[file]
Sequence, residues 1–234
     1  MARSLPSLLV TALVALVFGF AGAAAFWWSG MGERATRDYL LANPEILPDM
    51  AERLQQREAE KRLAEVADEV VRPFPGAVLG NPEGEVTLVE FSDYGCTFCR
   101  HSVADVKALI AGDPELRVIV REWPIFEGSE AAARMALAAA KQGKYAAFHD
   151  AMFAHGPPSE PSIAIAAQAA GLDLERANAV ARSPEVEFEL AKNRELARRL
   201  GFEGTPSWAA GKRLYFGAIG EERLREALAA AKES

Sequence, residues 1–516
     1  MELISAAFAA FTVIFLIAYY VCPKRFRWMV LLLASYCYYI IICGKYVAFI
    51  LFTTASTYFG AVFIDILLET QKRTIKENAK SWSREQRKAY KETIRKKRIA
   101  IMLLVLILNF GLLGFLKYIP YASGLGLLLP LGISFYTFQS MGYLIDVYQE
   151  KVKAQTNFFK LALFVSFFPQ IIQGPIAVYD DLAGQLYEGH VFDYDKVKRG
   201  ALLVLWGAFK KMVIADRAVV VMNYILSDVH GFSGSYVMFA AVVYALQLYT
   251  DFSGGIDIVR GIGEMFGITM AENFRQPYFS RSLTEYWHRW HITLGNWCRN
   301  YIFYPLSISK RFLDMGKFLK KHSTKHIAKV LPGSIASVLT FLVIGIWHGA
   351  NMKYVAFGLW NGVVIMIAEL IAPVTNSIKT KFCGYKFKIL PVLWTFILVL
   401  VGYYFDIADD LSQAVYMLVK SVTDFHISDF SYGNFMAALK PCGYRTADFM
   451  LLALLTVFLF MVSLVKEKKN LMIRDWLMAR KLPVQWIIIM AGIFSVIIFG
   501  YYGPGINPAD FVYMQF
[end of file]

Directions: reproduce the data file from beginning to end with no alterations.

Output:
Sequence, residues 1–234
     1  MARSLPSLLV TALVALVFGF AGAAAFWWSG MGERATRDYL LANPEILPDM
    51  AERLQQREAE KRLAEVADEV VRPFPGAVLG NPEGEVTLVE FSDYGCTFCR
   101  HSVADVKALI AGDPELRVIV REWPIFEGSE AAARMALAAA KQGKYAAFHD
   151  AMFAHGPPSE PSIAIAAQAA GLDLERANAV ARSPEVEFEL AKNRELARRL
   201  GFEGTPSWAA GKRLYFGAIG EERLREALAA AKES

Sequence, residues 1–516
     1  MELISAAFAA FTVIFLIAYY VCPKRFRWMV LLLASYCYYI IICGKYVAFI
    51  LFTTASTYFG AVFIDILLET QKRTIKENAK SWSREQRKAY KETIRKKRIA
   101  IMLLVLILNF GLLGFLKYIP YASGLGLLLP LGISFYTFQS MGYLIDVYQE
   151  KVKAQTNFFK LALFVSFFPQ IIQGPIAVYD DLAGQLYEGH VFDYDKVKRG
   201  ALLVLWGAFK KMVIADRAVV VMNYILSDVH GFSGSYVMFA AVVYALQLYT
   251  DFSGGIDIVR GIGEMFGITM AENFRQPYFS RSLTEYWHRW HITLGNWCRN
   301  YIFYPLSISK RFLDMGKFLK KHSTKHIAKV LPGSIASVLT FLVIGIWHGA
   351  NMKYVAFGLW NGVVIMIAEL IAPVTNSIKT KFCGYKFKIL PVLWTFILVL
   401  VGYYFDIADD LSQAVYMLVK SVTDFHISDF SYGNFMAALK PCGYRTADFM
   451  LLALLTVFLF MVSLVKEKKN LMIRDWLMAR KLPVQWIIIM AGIFSVIIFG
   501  YYGPGINPAD FVYMQF